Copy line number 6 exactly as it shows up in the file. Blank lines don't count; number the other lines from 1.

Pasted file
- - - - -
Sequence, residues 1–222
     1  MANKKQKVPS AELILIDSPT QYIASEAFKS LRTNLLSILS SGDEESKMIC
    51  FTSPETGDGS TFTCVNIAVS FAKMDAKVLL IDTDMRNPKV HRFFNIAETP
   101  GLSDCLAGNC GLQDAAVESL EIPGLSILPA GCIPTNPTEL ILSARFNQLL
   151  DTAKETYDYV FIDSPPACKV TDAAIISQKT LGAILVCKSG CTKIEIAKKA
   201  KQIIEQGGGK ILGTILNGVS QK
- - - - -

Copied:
   201  KQIIEQGGGK ILGTILNGVS QK